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After #MeToo: Healing From the Trauma of Sexual Assault

There’s nothing more powerful than advice from survivor to survivor.

Activists carry signs opposing sexual harassment at a #MeToo rally outside of Trump International Hotel on December 9, 2017, in New York City. (Photo: Stephanie Keith / Getty Images)

On Sunday the red carpet of the 2018 Golden Globe Awards was not the usual sea of dazzling gowns and blinding jewelry. Instead, a shadow of black engulfed the night. Actresses alongside activists wore black as a proclamation of solidarity with sexual assault survivors within the entertainment industry and workplaces across the country. Connected to the “blackout” was Time’s Up, a movement aimed at ending sexual violence and inequality in the workplace. The initiative aims to bridge the gap between Hollywood players and those who experience sexual assault from less privileged backgrounds.

“Time’s Up is a unified call for change from women in entertainment for women everywhere,” states its website. “From movie sets to farm fields to boardrooms alike, we envision nationwide leadership that reflects the world in which we live.”

With about 19 million viewers watching, the awards ceremony offered perhaps the largest platform to address sexual violence since the #MeToo movement began on social media. But recognizing this crisis is only half the battle, because for many the aftermath of sexual assault is just the beginning of a lifetime of healing.

In November, an online campaign inspired by the #MeToo movement launched in the hopes of encouraging sexual assault survivors to seek the resources necessary for recovery. Suitably named #HealMeToo, the campaign was created by Meghan Patenaude with the National Organization of Women, New York chapter, and is bringing the issue of trauma caused by sexual assault to the general public. Since a video created by the #HealMeToo campaign went live on the Huffington Post in November, it has been viewed about half a million times.

Patenaude, who is a survivor herself, describes the importance of bringing attention to these traumas. “It just seemed like there was really something missing, and we wanted to be able to connect with people and share the aftermath,” she explains. “It doesn’t just end with the story. Everyone who just posted to #MeToo is also suffering, most likely, from PTSD, and that’s kind of the story that we have never really heard before.”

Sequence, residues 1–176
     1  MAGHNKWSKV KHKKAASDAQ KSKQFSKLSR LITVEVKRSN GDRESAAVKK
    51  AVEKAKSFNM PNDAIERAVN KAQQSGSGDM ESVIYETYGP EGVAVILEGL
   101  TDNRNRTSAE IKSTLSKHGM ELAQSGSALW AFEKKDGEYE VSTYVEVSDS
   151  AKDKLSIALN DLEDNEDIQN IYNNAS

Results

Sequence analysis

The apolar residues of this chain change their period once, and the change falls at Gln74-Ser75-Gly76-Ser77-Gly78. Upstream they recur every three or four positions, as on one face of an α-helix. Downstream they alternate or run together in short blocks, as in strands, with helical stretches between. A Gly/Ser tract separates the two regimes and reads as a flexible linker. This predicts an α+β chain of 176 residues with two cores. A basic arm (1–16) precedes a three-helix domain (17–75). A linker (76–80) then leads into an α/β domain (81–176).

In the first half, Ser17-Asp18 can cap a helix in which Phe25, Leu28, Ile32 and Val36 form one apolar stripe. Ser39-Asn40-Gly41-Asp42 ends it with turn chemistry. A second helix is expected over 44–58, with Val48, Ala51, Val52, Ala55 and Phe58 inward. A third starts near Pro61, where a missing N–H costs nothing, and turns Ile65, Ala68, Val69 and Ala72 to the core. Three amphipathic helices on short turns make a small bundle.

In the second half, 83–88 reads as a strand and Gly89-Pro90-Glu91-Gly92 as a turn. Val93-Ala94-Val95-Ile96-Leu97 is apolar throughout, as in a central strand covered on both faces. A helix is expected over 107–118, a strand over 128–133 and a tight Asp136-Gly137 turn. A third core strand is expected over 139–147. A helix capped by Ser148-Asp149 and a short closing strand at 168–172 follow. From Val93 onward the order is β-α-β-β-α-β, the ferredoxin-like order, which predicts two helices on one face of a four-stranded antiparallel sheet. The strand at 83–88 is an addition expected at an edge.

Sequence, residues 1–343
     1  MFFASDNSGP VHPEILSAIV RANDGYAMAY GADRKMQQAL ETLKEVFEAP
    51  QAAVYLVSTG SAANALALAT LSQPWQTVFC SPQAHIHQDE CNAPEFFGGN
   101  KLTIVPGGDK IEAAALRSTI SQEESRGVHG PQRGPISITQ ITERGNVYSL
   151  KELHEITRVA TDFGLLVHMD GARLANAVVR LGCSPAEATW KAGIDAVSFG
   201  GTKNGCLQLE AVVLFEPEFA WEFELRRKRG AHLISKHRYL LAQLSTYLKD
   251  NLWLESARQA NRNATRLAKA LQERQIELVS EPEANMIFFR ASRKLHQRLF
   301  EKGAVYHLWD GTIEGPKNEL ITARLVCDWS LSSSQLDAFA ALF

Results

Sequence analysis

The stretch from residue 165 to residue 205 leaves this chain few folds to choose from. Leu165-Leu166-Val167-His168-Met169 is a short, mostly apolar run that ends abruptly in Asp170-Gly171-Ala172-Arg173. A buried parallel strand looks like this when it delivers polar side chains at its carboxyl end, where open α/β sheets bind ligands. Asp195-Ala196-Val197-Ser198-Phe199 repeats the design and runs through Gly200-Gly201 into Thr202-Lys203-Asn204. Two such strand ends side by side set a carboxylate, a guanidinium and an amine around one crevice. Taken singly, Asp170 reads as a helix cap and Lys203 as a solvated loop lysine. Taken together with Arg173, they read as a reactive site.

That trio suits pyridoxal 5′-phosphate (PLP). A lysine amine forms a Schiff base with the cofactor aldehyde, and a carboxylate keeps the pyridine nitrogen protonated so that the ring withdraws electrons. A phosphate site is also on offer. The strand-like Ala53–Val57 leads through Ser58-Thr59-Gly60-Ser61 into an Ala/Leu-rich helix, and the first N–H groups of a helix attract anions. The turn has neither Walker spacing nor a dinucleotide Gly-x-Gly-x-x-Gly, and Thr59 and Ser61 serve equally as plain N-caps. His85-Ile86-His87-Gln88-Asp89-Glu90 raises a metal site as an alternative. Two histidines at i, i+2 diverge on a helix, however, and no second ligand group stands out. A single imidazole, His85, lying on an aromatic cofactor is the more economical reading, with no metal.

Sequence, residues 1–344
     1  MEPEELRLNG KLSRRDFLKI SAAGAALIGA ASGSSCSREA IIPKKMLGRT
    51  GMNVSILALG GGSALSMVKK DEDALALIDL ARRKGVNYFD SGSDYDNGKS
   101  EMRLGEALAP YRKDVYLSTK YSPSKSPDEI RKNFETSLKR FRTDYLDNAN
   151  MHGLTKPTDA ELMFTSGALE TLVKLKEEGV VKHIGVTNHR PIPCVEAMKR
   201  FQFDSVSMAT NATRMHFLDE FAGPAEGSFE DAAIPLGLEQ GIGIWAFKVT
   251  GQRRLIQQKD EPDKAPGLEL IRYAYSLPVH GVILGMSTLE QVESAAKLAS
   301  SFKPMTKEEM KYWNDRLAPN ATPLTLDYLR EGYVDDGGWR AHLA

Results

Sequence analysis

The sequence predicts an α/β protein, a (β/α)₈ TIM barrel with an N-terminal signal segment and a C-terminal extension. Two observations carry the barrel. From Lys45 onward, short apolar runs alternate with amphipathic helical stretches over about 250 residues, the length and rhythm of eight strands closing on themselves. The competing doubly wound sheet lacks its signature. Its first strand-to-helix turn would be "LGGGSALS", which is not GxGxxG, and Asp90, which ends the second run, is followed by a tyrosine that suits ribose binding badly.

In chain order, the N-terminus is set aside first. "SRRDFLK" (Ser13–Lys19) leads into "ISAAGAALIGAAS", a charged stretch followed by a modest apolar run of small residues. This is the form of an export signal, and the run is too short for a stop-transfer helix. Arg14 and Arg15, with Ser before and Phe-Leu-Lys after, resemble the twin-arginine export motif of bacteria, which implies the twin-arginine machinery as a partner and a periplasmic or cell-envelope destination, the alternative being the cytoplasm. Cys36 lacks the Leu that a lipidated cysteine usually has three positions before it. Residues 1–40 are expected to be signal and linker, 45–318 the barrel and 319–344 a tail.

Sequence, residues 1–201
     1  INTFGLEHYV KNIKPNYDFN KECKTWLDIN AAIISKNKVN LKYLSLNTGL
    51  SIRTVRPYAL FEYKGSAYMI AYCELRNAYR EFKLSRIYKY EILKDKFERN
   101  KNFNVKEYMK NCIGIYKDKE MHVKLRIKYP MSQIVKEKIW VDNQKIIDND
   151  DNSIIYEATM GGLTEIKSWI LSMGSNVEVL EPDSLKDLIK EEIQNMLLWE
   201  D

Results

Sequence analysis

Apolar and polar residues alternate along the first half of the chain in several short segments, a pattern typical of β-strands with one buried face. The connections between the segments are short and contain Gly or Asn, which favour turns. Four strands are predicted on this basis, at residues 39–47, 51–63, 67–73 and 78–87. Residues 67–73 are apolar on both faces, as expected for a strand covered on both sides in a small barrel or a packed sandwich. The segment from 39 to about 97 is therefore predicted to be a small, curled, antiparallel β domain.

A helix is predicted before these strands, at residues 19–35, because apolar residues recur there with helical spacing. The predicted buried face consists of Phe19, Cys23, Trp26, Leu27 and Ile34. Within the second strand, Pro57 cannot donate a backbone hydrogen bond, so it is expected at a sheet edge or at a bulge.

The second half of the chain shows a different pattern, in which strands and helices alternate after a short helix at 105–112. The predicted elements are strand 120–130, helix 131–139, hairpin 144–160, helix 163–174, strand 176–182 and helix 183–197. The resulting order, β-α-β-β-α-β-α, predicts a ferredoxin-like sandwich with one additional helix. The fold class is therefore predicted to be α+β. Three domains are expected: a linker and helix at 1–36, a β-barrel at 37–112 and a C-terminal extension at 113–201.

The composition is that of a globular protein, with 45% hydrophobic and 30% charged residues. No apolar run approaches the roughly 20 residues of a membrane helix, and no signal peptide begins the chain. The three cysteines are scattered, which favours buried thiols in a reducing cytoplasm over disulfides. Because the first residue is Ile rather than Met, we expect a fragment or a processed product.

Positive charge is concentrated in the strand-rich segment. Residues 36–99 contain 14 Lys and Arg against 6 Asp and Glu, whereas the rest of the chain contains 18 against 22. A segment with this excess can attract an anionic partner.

Within two weeks following sexual assault, 94 percent of women will also experience post-traumatic stress disorder, reported the Journal of Traumatic Stress in 1992. PTSD is a mental health condition that’s triggered by a terrifying event — either experiencing it or witnessing it — and includes a variety of symptoms, varying from flashbacks and nightmares to severe anxiety and uncontrollable thoughts about the event.

PTSD can affect an individual’s ability to work, to have close and meaningful relationships, and can trigger addictions and unhealthy behaviors. The U.S. Department of Veterans Affairs found in a study that women are twice as likely as men to develop PTSD. Those who experience this condition due to sexual assault often find they need to avoid certain social situations and people likely to trigger a negative response. Going to the park, grabbing a beer with friends at the bar, walking down a dark street — these simple tasks can heighten fear and anxiety for those suffering from PTSD.

Survivor Colleen Kane, a 23-year-old living in New York City, says that sharing her experiences with the #HealMeToo campaign has helped her handle intense emotions that arise after being sexually assaulted. “It can be very overwhelming, and in the first few months I felt completely isolated and I didn’t feel my close friends really understood what I was going through.”

Kane’s experience is familiar to those who have been through similar trauma. It is this sentiment of isolation and separation that is what the #HealMeToo campaign is hoping to negate.

Patenaude wanted to bring attention to PTSD among survivors, and found that linking to the #MeToo movement would be the best way. The campaign has been featured on Refinery29, Teen Vogue, The Huffington Post, and Ebony Magazine.

“This project came out of just really wanting to help women fight PTSD and being able to create the first sense of community around it,” she says. “I think this campaign plays an important part in getting the public to realize the aftermath of sexual assault and, further, how to heal.” Women have participated through Twitter, Facebook, and the campaign’s online message board, and the campaign has offered them an umbrella under which they can safely discuss triggering topics so often kept from public view.

The website offers survivors a variety of tools, including a website, message board, videos, and social media threads, which all focus on survivors’ personal accounts of working past PTSD. The website also links to organizations that specialize in helping victims after an assault has occurred (After Silence, RAINN, Anxiety and Depression Association of America, and the PTSD Alliance, to name a few). Health organizations like Mount Sinai Health System and Teen Source have referred their patients to the #HealMeToo website as a resource.

Since the start of the campaign in November, a guidebook was created to combine the stories of 40 survivors. The guidebook is available online at and contains words of encouragement and advice about how to start recovering from PTSD after being sexually assaulted.

“There’s nothing more powerful than advice from survivor to survivor,” Patenaude says. “The campaign [does] not just spread stories, it spreads advice from people who have been there, from people who are going through it, and who are still fighting through it.”

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